Quick! Name an entrepreneur. Did you name Bill Gates, Steve Jobs, or Oprah? If so, you forgot someone–you. Yes, you can be an entrepreneur by selling cottage food. Read on to learn the ins and outs of this (sometimes) complex business.
First of all, what is cottage food?
It’s any food that you make at home to sell. Examples include bread and other baked goods, jams and jellies, salsa, and maple syrup. Cottage food is similar to value-added products that you may see at your local farm stand or farmers market. The difference is that value-added products include both edible and non-edible items whereas cottage food is all edible.
And this is where things get sticky. You can sell yarn from your sheep’s wool or your homemade lavender soap without concern of foodborne illness. But when it comes to foods, you don’t want to sell (or buy) anything that could make someone sick. Because, you know, it’s bad for business.
Cottage foods generally fall into two categories: low-risk and high-risk. As you may have guessed, low risk cottage foods have a lower risk of being contaminated by foodborne pathogens and high risk foods have a higher risk of pathogens. Bread, cookies, and granola are examples of low risk foods; meats, milk, and eggs are higher risk.
Let me tell you ’bout my bread…
I love to make bread. (It’s an obsession for me. Carb addiction is real.) And, pardon the brag, it’s pretty darn good bread. My friends and family love it, and I sell out at the PTG bake sale every year. Would you like to buy some? Well, I’d love to sell you a few loaves, but I can’t. You see, I’m not a licensed food seller.
I can give my bread to friends and neighbors free of charge and not have to worry about being a licensed cottage food seller. I can also “sell” my bread at the PTG bake sale as long as the money earned from the bread goes to the PTG (or other charitable organization).
In order for me to sell you my bread–and keep the profits–I’d have to comply with the laws of my state. So, this is where my dreams of bread-making glory come to an end. But many folks press on and go through the process of becoming licensed food sellers.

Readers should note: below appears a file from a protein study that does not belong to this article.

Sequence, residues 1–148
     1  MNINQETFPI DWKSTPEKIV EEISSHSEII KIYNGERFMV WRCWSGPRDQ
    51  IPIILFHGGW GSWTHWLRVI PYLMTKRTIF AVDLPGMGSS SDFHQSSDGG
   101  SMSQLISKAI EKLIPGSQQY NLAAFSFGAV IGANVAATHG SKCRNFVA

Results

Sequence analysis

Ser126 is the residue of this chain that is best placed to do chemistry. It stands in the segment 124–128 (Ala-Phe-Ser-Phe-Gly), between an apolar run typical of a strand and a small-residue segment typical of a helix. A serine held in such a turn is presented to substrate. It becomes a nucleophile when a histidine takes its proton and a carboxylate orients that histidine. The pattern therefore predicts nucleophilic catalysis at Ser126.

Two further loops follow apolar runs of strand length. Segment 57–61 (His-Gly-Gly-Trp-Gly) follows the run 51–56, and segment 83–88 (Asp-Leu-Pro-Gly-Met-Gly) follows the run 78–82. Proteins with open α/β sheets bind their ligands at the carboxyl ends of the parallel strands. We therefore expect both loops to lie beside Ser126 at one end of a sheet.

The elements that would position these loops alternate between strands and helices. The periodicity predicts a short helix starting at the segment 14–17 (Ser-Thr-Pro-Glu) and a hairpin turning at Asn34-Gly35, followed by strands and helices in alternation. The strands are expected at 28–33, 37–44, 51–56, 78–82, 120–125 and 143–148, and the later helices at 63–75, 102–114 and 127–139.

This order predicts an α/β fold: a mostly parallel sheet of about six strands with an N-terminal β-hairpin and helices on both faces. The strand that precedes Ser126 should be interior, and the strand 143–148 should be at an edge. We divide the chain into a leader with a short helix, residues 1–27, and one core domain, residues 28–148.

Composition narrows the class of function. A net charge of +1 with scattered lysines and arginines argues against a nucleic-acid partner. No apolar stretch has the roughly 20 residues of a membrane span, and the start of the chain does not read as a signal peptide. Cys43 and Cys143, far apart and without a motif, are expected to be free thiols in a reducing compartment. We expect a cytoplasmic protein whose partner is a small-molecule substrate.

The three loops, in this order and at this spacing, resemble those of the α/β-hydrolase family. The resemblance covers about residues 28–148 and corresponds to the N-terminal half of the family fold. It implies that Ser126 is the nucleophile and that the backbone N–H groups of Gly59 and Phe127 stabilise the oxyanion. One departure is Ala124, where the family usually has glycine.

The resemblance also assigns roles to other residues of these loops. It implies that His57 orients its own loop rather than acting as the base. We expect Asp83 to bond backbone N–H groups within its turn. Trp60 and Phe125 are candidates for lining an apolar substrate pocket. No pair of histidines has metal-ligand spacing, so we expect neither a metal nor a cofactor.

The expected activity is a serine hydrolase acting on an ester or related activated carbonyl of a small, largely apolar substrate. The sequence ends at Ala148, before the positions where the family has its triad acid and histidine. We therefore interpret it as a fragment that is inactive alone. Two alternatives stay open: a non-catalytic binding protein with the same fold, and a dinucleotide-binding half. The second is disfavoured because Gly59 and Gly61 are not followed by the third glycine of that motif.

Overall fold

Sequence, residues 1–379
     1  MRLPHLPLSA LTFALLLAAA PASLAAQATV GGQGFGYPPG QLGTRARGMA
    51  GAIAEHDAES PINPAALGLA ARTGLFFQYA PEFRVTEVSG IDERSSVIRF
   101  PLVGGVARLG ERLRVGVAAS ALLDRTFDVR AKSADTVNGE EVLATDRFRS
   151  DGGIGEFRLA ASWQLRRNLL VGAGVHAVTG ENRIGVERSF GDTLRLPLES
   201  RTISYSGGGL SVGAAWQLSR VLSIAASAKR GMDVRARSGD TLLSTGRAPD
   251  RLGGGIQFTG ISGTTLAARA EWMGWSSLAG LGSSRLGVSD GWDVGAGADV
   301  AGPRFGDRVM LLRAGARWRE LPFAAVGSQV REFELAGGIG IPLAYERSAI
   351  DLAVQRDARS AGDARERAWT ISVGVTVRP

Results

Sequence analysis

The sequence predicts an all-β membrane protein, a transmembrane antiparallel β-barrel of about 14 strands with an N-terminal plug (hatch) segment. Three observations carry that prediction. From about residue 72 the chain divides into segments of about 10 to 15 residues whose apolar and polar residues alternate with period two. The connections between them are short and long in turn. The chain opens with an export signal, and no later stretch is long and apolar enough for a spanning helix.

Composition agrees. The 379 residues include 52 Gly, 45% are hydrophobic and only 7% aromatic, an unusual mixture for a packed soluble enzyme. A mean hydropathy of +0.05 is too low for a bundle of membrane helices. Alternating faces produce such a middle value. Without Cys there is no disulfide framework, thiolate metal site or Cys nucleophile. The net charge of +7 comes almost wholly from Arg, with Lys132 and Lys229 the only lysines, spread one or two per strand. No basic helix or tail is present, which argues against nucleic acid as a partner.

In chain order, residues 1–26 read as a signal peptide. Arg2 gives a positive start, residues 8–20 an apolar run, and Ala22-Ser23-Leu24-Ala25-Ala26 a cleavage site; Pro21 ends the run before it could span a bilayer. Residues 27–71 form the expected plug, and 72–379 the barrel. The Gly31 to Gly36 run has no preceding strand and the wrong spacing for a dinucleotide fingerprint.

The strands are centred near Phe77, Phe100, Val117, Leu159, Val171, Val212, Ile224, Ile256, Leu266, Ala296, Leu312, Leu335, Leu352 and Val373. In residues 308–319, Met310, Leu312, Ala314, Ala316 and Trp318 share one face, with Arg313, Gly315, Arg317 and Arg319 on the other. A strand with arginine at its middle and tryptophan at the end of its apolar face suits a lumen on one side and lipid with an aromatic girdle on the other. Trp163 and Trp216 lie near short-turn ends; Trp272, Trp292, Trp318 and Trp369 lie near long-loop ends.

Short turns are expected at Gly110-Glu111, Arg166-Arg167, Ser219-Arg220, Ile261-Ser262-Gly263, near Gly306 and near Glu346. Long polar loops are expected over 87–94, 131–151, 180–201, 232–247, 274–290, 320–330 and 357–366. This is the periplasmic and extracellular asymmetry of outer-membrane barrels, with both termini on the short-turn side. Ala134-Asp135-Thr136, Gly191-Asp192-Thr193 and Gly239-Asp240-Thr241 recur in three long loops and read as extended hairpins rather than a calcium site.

You can do it! Here’s how:
Your first stop should be forrager.com where you’ll learn all about the cottage food laws in your state. The site will also answer many of your questions including: Do you need a food label (and what should that label have on it)? Can you sell your cottage food to someone from another state? And how do you get liability insurance? Block off a serious amount of time to take in all of the useful info on this site.
Also, an on-line search of your state’s specific laws will give you some helpful info. Check out this information on Ohio, Texas, and Michigan. For legal questions, this site is a good place to start.
Bear in mind that state laws aren’t the only regulations that you may have to follow to sell cottage food. You may also be subject to federal, county, and municipal laws. Your local health and agriculture departments are good resources as well as your municipality’s planning division.
Where to sell?
Once you meet the requirements for your state you can sell your delicious goodies at a variety of places including farmers markets, craft fairs, school carnivals, and online market places such as Etsy. (FYI: I like this article about selling food on Etsy.)
That’s a lot of red tape to jump through. Why bother?
Why? Because you can make some serious change by being your own boss and doing something that you love to do. Game on!
Have you heard of a guy named Paul Newman? Chances are you’ve also heard of his food-stuffs sold at grocery stores around the country. In 1982 his now-famous business started out by giving homemade goodies to friends and family. Need more inspiration? Check out the full story on here.
Not ready to think about starting a food empire yet? I hear you. Take baby steps. Think about that patch of herbs in your back yard that’s grown out of control. Now think about clipping bunches, bundling them with ribbon and selling them. Since the herbs cost nothing you have a pretty high profit margin.
Start small but dream big!
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photo of man and woman at market via Shutterstock